Gordon Campbell | Parliament TV | Parliament Today | News Video | Crime | Employers | Housing | Immigration | Legal | Local Govt. | Maori | Welfare | Unions | Youth | Search

 


Growing international call for transparency in TPPA

Growing international call for transparency in TPPA negotiations

In the lead-up to the Trans-Pacific Partnership Agreement (TPPA) negotiations in Singapore February 22-25, Oxfam New Zealand is calling on the New Zealand Trade Minister, Tim Groser to end the secrecy and make negotiating drafts publicly available. The scope of the TPPA is wide ranging and will be significant for generations to come, not just in New Zealand but particularly for poor and marginalised people in the developing world.

Oxfam’s Executive Director, Barry Coates said, “The lack of transparency around these negotiations is out of step even with practices in the World Trade Organisation and the Transatlantic Trade and Investment Partnership. Citizens and their elected representatives have the right to know what is being decided before it’s too late to do anything about it.”

Oxfam has written to Trade Minister Groser to urge him to make the draft negotiating documents public. At present the text is closely held within a small group of negotiators and their corporate advisers. Oxfam’s letter refers to the Open Letter signed by political leaders and senior MPs from seven countries negotiating the TPPA. Even senior political representatives do not know what is in the text. The letter, available on the website www.tppmpsfortransparency.org, states:

We, the undersigned legislators from countries involved in the negotiation of the Trans-Pacific Partnership Agreement, call on the Parties to the negotiation to publish the draft text of the Agreement before any final agreement is signed with sufficient time to enable effective legislative scrutiny and public debate.“

If agreed, the TPPA would have long term implications for future rules on trade, investment, intellectual property and copyright, and regulation of international corporations, as well as having implications for a wide range of domestic policies.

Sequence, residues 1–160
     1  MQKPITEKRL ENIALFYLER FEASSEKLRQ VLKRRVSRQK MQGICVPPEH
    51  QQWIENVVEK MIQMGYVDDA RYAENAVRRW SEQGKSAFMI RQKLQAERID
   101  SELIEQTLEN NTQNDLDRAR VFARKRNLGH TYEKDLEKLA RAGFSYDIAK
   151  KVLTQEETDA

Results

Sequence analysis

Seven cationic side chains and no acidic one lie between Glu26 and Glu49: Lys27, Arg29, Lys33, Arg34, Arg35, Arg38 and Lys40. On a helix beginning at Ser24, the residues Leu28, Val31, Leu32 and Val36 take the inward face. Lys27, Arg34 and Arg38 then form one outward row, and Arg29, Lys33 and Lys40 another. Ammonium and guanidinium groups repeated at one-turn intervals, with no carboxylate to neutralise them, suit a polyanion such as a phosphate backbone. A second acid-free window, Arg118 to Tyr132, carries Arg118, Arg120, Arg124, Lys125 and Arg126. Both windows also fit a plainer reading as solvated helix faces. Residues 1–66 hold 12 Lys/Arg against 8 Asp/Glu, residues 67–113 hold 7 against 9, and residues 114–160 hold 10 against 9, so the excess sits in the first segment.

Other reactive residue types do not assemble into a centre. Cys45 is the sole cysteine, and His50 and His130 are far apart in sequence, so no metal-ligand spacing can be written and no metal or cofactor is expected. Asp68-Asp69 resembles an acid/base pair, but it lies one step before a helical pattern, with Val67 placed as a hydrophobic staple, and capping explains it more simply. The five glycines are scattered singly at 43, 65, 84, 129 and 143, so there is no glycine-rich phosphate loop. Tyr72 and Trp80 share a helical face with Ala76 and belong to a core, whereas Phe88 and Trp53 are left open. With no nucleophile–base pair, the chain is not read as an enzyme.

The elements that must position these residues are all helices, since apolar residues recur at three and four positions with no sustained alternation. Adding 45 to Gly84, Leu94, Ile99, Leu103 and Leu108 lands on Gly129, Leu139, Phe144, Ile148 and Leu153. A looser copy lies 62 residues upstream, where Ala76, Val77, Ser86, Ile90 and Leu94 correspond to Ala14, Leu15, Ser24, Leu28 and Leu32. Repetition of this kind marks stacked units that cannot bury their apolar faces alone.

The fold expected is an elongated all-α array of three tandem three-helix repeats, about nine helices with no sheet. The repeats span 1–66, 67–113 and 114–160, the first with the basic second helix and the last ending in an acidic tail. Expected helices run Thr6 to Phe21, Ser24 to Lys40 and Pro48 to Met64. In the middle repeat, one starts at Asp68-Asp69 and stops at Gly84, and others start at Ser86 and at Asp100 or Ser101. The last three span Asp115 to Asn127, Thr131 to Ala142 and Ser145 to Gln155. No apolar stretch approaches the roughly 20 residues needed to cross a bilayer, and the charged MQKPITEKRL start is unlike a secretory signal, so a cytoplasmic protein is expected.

“These issues are too important for a few Trade Ministers to decide behind closed doors. In just one of many examples, while New Zealanders may be forced to pay more for medicines, the consequences could be severe for people in extreme poverty in the developing world, who may see their ability to afford life-saving drugs slip away altogether,” Coates said.

The TPPA would establish a new framework for international trade and investment agreements, one that focuses on the rights of foreign investors, while undermining the responsibilities of governments to regulate in the public interest. It would be a new precedent for a multilateral agreement to give foreign companies the right to challenge governments in an international tribunal and demand compensation for lost profits. The TPPA would lay the foundation for other agreements that would vitally affect the interests of people living in poverty around the world.

“Governments need to have the powers to promote poverty reduction, tackle rising inequality, reduce greenhouse gas emissions and protect the environment. But these are likely to be eroded in the TPPA.

“All New Zealanders will be affected, vulnerable communities in the Pacific and across the developing world will be affected, and future generations will be affected. Our elected representatives should be able to know what New Zealand is proposing in these negotiations and debate our positions and our role,” Coates said.

ENDS

© Scoop Media

 
 
 
 
 
Parliament Headlines | Politics Headlines | Regional Headlines

 

PARLIAMENT TODAY:

Transport Report: LGNZ Calls For Proactive Approach To Mobilise Regions

LGNZ has today released Mobilising the Regions, its major transport study, which highlights the economic and social impact of strategic transport decisions nationally and in the regions, and the direct link between regional development, national prosperity, social well-being and cohesiveness. More>>

ALSO:

Transport: New Rules Bring Double-Deckers To Our Cities

New rules that allow buses, including double-deckers, to carry more people will ramp up the public transport offering in our cities, Transport Minister Simon Bridges and Associate Transport Minister Craig Foss say. More>>

ALSO:

Cycling:


Images & Video: Four Alternative Flags For Referendum

Flag Consideration Panel chair, Professor John Burrows, said the Panel’s decision had been guided first and foremost by the results of its engagement programme across a range of communities where thousands of Kiwis shared what was special about New Zealand, as well as the Panel’s own selection criteria. More>>

ALSO:

Labour: New Figures Show Speculators Rampant

New figures released by the Reserve Bank show there’s been an explosion in mortgage lending with most of the growth going to property investors, Labour’s Housing spokesperson Phil Twyford says. More>>

ALSO:

False Official Information Response: English's Apology Accepted

Finance Minister Bill English is being thanked for his apology to New Zealand First Leader and Member of Parliament for Northland Rt Hon Winston Peters... Mr English says his staff and the Treasury have searched again, and they found the document that they denied having. More>>

ALSO:

Midwives On Pay Equity: Historic Bill Of Rights Case For High Court

“We have been left with no choice.” That from Karen Guilliland, the Chief Executive of the New Zealand College of Midwives, as the organisation prepares to file a pay parity discrimination case on the basis of gender under the NZ Bill of Rights Act in the High Court. More>>

ALSO:

Get More From Scoop

 

LATEST HEADLINES

 
 
 
 
 
 
 
 
 
Politics
Search Scoop  
 
 
Powered by Vodafone
NZ independent news